Lawmakers begin study of juvenile justice system with review of recent changes
More than 8,000 active gang members in more than 350 gangs have been identified in a statewide study.
In Carson City, according to data, there are more than a dozen gangs with at least 335 known members.
State lawmakers considered ways to eliminate the dangerously negative influences of those gangs as a state study committee renewed its examination of Nevada’s juvenile justice system Thursday.
The study committee headed by Sen. Valerie Wiener, D-Las Vegas, was told latest estimates by Nevada’s sheriffs and police chiefs are that Nevada has more than 8,000 active gang members in more than 350 gangs.
The study showed that Clark County law enforcement has identified 201 different gangs with some 6,300 members and Washoe area officials another 1,400 members in 100 gangs.
The interim study was part of a review of progress. The committee was told the largest counties as well as several smaller counties have developed rules for classifying and placing different types of juvenile offenders according to the nature of their crimes and the danger they pose.
The counties have created a variety of interim programs between the proverbial slap on the wrist and prison. Committee members were also told there is still a lot of work to do to make the system work and a long way to go to eliminate gangs.
Kirby Burgess of the Clark County juvenile justice program said it’s important to continue developing alternatives to jail for juveniles.
He said his county is expanding its detention facility from 112 to 235 beds.
“But I don’t want this to be like ‘Field of Dreams’ – if we build it, we will fill it up.”
Leonard Pugh of Washoe County’s juvenile services said the key to all the most successful programs is “to get involved earlier where there’s a better chance of successful intervention.”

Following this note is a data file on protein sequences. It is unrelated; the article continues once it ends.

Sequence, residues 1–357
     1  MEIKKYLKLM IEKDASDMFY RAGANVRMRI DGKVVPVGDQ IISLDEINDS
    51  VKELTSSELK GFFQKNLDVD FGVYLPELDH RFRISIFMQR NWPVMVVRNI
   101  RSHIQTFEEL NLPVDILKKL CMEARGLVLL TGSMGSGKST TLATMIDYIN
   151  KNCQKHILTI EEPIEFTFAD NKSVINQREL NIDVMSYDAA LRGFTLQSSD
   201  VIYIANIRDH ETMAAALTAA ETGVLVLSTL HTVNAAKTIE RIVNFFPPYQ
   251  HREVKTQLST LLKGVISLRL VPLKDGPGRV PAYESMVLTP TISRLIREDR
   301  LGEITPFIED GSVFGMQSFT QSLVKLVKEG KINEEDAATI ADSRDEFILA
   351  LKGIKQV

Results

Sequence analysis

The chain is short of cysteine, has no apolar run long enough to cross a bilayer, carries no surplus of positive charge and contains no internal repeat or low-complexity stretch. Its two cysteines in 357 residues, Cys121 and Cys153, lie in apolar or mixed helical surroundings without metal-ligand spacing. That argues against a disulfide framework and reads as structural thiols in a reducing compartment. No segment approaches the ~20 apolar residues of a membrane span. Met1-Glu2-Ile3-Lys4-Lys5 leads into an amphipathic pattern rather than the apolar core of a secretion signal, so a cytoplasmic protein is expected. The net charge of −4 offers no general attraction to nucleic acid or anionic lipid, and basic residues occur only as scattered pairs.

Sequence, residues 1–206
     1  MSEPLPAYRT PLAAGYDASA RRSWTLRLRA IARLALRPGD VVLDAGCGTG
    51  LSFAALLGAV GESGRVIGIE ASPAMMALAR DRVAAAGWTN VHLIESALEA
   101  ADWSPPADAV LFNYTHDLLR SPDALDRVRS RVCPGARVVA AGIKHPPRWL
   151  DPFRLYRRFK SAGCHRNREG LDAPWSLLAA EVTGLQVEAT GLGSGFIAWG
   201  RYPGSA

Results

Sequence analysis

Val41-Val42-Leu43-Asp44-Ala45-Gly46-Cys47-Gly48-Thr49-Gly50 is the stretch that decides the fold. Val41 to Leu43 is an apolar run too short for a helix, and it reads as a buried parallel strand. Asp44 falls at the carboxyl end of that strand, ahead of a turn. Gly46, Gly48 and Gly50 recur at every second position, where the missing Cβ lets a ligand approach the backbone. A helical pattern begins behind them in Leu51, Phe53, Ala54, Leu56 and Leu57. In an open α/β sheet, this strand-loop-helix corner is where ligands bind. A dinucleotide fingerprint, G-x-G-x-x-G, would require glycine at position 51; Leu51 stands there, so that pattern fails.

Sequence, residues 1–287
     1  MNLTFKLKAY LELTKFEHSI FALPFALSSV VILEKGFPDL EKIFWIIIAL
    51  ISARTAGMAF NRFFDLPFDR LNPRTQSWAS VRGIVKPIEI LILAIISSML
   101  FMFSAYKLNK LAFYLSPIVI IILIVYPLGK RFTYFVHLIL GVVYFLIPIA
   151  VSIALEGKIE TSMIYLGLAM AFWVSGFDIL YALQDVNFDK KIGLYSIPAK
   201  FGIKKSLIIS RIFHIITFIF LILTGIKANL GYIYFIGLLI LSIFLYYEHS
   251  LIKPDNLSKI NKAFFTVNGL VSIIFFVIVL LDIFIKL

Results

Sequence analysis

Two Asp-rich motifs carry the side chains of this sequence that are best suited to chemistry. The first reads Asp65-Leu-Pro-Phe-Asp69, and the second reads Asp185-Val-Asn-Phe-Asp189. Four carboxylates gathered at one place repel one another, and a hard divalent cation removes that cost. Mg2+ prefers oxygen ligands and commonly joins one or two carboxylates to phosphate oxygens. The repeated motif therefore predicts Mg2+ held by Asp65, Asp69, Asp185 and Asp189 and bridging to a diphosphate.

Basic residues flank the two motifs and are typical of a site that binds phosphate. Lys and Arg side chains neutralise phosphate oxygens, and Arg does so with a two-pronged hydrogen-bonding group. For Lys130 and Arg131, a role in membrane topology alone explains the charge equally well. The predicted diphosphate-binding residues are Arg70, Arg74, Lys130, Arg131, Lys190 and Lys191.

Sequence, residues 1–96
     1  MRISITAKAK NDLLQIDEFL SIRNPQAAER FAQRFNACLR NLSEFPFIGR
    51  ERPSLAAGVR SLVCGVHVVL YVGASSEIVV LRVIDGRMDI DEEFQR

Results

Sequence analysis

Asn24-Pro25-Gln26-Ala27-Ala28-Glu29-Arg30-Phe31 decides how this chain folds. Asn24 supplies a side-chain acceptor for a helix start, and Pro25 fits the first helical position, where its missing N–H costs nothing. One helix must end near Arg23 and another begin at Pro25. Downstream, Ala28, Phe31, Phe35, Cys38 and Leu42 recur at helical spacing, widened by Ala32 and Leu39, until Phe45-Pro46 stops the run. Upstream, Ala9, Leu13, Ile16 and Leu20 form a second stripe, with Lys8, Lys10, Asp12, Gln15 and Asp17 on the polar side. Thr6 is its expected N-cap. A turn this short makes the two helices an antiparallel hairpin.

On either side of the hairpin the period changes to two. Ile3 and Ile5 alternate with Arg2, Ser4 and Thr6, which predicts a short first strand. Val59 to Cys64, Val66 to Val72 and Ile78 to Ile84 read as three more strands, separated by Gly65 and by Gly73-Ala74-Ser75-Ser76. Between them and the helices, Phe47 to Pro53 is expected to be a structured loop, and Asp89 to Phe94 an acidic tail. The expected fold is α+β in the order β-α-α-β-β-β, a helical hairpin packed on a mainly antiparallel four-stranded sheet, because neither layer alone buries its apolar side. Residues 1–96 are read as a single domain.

The two told lawmakers the system of evaluation and classification set up during the past two years along with a variety of intermediate sanctions designed to treat and correct behavior are the keys to winning the battle rather than putting juveniles in prison facilities.
But for those who must be put away, they said work is under way on a five-county residential juvenile facility in Silver Springs and a 96 bed facility in North Las Vegas for serious and chronic juvenile offenders.
The intermediate sanctions in different counties now range from making first-time, less serious offenders report in daily to intensive supervision programs with drug and other counseling. Washoe, Clark and other counties now have drug courts, a truancy court is operating in Clark County, counseling programs, employability training are available along with residential programs to keep 24-hour tabs on some juvenile offenders in addition to the traditional prison-style programs.
Judge Bob Gaston, a member of the study committee, said those programs can make a major reduction in repeat offenders.
He said the biggest problem in Southern Nevada has been with the Clark County School District which, he said, regards juvenile offenders as trouble-makers it doesn’t need.
“We have kids we want to put in school, who want to be in school, but we have nowhere to put them,” he said. “The schools don’t want to make room for them.”
He said he understands that, but that something must be done for those kids on the way to recovery and that the answer might be to take the state and county “per pupil” money for that student away from the school and turn it over to the juvenile program.
The committee is charged with making recommendations on how to improve the juvenile justice system to the 2001 Legislature.